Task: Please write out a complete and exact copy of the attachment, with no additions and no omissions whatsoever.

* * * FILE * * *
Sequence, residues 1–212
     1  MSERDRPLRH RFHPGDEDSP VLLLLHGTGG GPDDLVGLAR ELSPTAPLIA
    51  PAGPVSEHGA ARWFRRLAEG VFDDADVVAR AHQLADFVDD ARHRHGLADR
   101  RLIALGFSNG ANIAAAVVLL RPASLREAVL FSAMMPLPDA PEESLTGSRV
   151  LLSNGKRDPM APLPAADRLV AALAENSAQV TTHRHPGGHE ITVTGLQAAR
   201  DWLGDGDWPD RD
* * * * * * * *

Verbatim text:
Sequence, residues 1–212
     1  MSERDRPLRH RFHPGDEDSP VLLLLHGTGG GPDDLVGLAR ELSPTAPLIA
    51  PAGPVSEHGA ARWFRRLAEG VFDDADVVAR AHQLADFVDD ARHRHGLADR
   101  RLIALGFSNG ANIAAAVVLL RPASLREAVL FSAMMPLPDA PEESLTGSRV
   151  LLSNGKRDPM APLPAADRLV AALAENSAQV TTHRHPGGHE ITVTGLQAAR
   201  DWLGDGDWPD RD